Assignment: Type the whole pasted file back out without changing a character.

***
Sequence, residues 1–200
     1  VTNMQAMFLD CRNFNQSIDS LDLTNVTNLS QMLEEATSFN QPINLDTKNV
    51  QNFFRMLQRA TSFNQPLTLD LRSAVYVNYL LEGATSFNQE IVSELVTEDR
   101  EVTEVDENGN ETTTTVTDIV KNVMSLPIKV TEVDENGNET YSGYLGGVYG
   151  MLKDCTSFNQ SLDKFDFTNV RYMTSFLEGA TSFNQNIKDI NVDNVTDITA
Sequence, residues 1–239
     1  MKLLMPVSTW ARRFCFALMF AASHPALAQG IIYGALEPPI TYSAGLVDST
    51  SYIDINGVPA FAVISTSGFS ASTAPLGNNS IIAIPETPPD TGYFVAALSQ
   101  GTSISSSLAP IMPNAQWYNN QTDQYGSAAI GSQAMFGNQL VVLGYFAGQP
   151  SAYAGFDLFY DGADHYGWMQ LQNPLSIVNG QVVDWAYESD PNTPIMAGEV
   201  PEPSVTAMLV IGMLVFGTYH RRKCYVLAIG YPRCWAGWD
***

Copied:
Sequence, residues 1–200
     1  VTNMQAMFLD CRNFNQSIDS LDLTNVTNLS QMLEEATSFN QPINLDTKNV
    51  QNFFRMLQRA TSFNQPLTLD LRSAVYVNYL LEGATSFNQE IVSELVTEDR
   101  EVTEVDENGN ETTTTVTDIV KNVMSLPIKV TEVDENGNET YSGYLGGVYG
   151  MLKDCTSFNQ SLDKFDFTNV RYMTSFLEGA TSFNQNIKDI NVDNVTDITA
Sequence, residues 1–239
     1  MKLLMPVSTW ARRFCFALMF AASHPALAQG IIYGALEPPI TYSAGLVDST
    51  SYIDINGVPA FAVISTSGFS ASTAPLGNNS IIAIPETPPD TGYFVAALSQ
   101  GTSISSSLAP IMPNAQWYNN QTDQYGSAAI GSQAMFGNQL VVLGYFAGQP
   151  SAYAGFDLFY DGADHYGWMQ LQNPLSIVNG QVVDWAYESD PNTPIMAGEV
   201  PEPSVTAMLV IGMLVFGTYH RRKCYVLAIG YPRCWAGWD